We’ll admit it. We were, at first, a little hesitant at the prospect of erasing the word “selectmen” from our lexicon when it comes to Chatham town government. That’s because we’re proud of the heritage behind our local government, largely unchanged since colonial times. Decade after decade, selectmen have made the decisions that have helped shape Chatham, setting local policies and responding to local emergencies like storms, and maritime disasters and the eroding shoreline. It was a board of selectmen who defiantly staked out the town’s position to support the revolutionaries in Boston as early as 1772. It’s hard to turn one’s back on a title as venerable as “selectman.”
But it’s time. The town has had outstanding, visionary female selectmen for many years, who didn’t give a fig about their male-oriented title. But it’s clearer than ever that in the world of politics – both locally and nationally – words matter a great deal. We welcome the new term “select board” (and apologize in advance if we slip up and write “selectmen” once or twice in the next few weeks – old habits die hard). We hope more women will become politically involved on a local level, and if the board’s new moniker makes that easier, it will have been well worthwhile. Chatham joins seven other Cape towns in so designating their chief executive board, and we hope the remaining seven still using “selectman”, including Harwich, follow soon. The local citizen petition to change “selectmen” to “select board” also came, as many have pointed out, 100 years after the passage of the 19th amendment giving women the right to vote.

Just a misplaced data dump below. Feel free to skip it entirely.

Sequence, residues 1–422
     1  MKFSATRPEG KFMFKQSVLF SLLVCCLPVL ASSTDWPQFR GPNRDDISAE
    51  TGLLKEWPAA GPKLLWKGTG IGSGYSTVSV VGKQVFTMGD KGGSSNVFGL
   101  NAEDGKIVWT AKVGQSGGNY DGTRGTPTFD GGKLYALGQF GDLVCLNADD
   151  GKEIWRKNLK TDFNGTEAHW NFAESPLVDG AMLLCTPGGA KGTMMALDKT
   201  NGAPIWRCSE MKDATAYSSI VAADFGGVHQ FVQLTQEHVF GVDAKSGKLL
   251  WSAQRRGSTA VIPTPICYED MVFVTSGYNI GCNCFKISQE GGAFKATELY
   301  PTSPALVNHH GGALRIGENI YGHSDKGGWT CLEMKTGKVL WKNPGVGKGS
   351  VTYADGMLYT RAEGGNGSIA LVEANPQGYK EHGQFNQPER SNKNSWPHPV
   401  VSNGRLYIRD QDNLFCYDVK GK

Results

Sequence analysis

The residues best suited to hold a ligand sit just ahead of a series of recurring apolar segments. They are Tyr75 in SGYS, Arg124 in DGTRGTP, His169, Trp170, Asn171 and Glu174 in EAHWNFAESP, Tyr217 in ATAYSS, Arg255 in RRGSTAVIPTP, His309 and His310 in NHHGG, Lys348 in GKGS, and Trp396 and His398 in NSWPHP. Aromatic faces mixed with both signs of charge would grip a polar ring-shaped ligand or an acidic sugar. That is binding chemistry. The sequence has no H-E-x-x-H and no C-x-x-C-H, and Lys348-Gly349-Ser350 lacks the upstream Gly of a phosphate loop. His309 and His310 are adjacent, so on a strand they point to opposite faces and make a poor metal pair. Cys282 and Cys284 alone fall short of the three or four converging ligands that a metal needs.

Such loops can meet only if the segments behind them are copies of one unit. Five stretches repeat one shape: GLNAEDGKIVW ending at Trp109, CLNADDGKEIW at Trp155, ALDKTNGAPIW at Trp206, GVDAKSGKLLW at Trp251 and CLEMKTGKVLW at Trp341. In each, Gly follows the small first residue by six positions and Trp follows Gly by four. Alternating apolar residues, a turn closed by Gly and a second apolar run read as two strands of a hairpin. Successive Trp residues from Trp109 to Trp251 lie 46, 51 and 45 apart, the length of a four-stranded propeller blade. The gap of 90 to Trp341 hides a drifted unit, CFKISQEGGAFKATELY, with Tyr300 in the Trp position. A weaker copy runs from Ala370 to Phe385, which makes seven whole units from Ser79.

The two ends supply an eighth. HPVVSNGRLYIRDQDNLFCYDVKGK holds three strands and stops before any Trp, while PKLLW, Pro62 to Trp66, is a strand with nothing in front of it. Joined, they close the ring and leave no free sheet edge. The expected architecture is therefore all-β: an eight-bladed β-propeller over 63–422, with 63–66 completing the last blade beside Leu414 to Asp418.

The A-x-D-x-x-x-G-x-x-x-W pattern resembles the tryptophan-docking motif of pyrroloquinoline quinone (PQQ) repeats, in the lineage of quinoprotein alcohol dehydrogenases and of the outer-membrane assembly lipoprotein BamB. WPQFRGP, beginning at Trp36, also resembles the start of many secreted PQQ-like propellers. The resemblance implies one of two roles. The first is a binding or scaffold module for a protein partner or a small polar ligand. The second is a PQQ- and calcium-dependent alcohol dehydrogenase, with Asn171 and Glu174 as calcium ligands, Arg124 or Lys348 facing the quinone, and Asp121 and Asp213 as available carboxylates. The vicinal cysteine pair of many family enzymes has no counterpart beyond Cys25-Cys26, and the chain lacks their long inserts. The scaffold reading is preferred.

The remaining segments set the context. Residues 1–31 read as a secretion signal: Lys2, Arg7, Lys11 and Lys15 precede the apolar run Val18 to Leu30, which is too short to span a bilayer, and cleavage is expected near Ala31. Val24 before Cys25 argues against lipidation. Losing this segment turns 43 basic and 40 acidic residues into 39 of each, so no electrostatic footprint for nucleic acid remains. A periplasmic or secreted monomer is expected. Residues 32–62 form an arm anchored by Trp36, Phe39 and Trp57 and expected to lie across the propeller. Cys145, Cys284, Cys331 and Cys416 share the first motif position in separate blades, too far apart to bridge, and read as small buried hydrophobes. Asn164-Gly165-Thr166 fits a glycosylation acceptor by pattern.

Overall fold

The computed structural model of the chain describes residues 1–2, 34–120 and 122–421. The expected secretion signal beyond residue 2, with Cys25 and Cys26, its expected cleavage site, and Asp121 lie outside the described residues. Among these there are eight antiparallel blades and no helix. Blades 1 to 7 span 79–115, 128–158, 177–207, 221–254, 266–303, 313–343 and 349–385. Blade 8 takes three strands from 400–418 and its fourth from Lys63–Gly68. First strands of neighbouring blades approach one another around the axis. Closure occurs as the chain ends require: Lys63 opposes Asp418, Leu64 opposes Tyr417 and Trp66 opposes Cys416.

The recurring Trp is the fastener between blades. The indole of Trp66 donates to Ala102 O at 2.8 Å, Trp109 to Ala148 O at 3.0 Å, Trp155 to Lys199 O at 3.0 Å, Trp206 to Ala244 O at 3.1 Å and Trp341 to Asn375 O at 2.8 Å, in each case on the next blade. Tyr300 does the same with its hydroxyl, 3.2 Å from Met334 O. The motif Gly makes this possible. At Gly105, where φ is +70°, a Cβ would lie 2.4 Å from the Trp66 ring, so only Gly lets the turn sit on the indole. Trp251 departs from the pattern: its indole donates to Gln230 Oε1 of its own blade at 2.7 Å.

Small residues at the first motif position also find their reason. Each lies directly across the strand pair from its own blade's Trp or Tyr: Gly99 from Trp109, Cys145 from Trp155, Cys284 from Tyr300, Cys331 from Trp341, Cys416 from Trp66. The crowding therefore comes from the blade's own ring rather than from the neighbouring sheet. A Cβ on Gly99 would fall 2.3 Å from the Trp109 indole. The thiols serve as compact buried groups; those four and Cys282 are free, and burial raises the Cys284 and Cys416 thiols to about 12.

And that’s some heritage worth celebrating.